Recently, while looking at a JavaScript function intended to generate a cryptographically-secure random IV to be used in AES-GCM, I noticed something interesting which I immediately suspected was not unique to this project. Sure enough, Matt, my awesome colleague, sent me a link to a how-to article describing the process of generating random values in Node.js that included the exact same quirk.

Here is their example (with minor edits so as not to call out the author of that how-to post too explicitly):

Do you notice anything fishy?

Perhaps you notice that len/2 and think that’s a little strange. This quirk is described thusly (I can’t help but quote here):

“In hexadecimal format a single byte generates two characters. So there is no point to generate the same number of bytes as number of output characters. We can only generate half of the bytes.”

What happens when you call crypto.randBytes(X)? You get X random bytes in a Buffer. You can easily represent these in hex string format with .toString(‘hex’), as in the example above. So for a call to crypto.randBytes(8).toString(‘hex’) you might get “71d75f6f286f2e96”.

Cool! That looks like 16 characters though, and we only wanted 8… Here you might say to yourself, “Aha! I’ll just generate 8 bytes like in the example!”

And if you DID think that, I now have to bore you with some math.

Those familiar with hexadecimal will remember that we have 16 distinct hex characters: 0-9 and A-F. A byte is composed of 2 hex characters, or 8 binary bits. For instance, 0x0F in binary is 00001111 (15; binary padded for emphasis). 0xFF is 11111111 (255), and so on.

When you ask the crypto module to give you 8 random bytes, think of it like getting 8 numbers between 0 and 255. You can think of this as your “character set” for random number generation. These numbers can be represented in hexadecimal form like we saw earlier, or they can be represented in something like UTF-8. Here is what crypto.randBytes(8).toString(‘utf-8’) might look like: o������1

When you generate 8 random bytes, you have 256^8 (1.84467441e19) possibilities. What if we convert the bytes to hex? Well, we know hex has 16 possible characters, and since we represent each random byte as 2 hex characters, 8 bytes turns into a 16-character hex string. We can see that there are the same number of possibilities in both cases: 16^16 = 1.84467441e19 = 256^8.

Perhaps you can see where I’m going with this now. If we shave off those last 8 characters of the hex string, we’re now looking at 16^8 (= 4294967296) possibilities, or the square root of 1.84467441e19. We’ve reduced the total possible entropy considerably.

To illustrate this more clearly, if we were representing the random bytes in binary, and we decided we only wanted 8 binary characters, that would give us only 256 possibilities (2^8), or one **actual** byte of entropy.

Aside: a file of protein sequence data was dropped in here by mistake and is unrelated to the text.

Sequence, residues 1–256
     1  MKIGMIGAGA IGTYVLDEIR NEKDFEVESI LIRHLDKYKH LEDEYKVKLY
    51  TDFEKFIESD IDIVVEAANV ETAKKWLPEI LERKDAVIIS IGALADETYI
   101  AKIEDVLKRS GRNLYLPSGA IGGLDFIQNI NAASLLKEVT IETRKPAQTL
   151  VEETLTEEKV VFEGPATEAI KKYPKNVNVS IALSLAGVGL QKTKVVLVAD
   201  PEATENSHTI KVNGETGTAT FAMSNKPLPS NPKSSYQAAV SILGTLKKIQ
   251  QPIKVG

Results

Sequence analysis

You’re probably thinking:

It’s true, how much entropy you need depends 100% on the context, and this whole discussion may be overkill for some situations, but if you take a look at NIST SP800-38D (Recommendation for Block Cipher Modes of Operation: Galois/Counter Mode (GCM) and GMAC), it says the following:

The IVs in GCM must fulfill the following “uniqueness” requirement: The probability that the authenticated encryption function ever will be invoked with the same IV and the same key on two (or more) distinct sets of input data shall be no greater than 2^-32. Compliance with this requirement is crucial to the security of GCM. Across all instances of the authenticated encryption function with a given key, if even one IV is ever repeated, then the implementation may be vulnerable to … forgery attacks … In practice, this requirement is almost as important as the secrecy of the key.

Funnily enough, this is exactly how likely an 8-character hex string is to be repeated if you assume that the possibilities are handed out 100% randomly, since 2^32 = 16^8! While you might think that your IV composed of 8 random bytes, or 64 bits, would give you some breathing room on this “uniqueness” requirement, your 8-character hex string does not (and you should be using 96-bit IVs anyway, but whatever). This paper, referenced in the NIST document above, explains several attacks on GCM, and is a little more pointed about that “uniqueness” requirement:

… if for some reason a small number of IVs are repeated, it is usually expected that beyond this basic attack which reveal the corresponding messages, nothing too bad should happen. With an ordinary counter mode, this is indeed the case. However, with both versions of GCM, allowing a small number of repeated IVs leads to a serious leak where the authentication key is revealed.

…

To sum it up, the only thing the adversary cannot do is recover the main key K. However, the main goal of cryptography is to protect the security of data not keys.

Probably best to avoid tempting fate here.

Sadly, I’ve since found several examples of this misguided byte-reduction on Github, and it’s pretty much impossible to miss the how-to article referenced at the beginning of this post when Googling on this topic. Again, context is key, but this is a cautionary tale against making too many assumptions in a cryptographically sensitive context.

If you’re convinced that you should let those extra bytes be free, but you don’t want to pass around some arbitrary UTF-8 string in e.g. JSON, my suggestion would be to encode it with base64 to save a little space, or to save the full hex string.

If you enjoyed this post, reach out to me on Twitter (@ccneill) and let me know!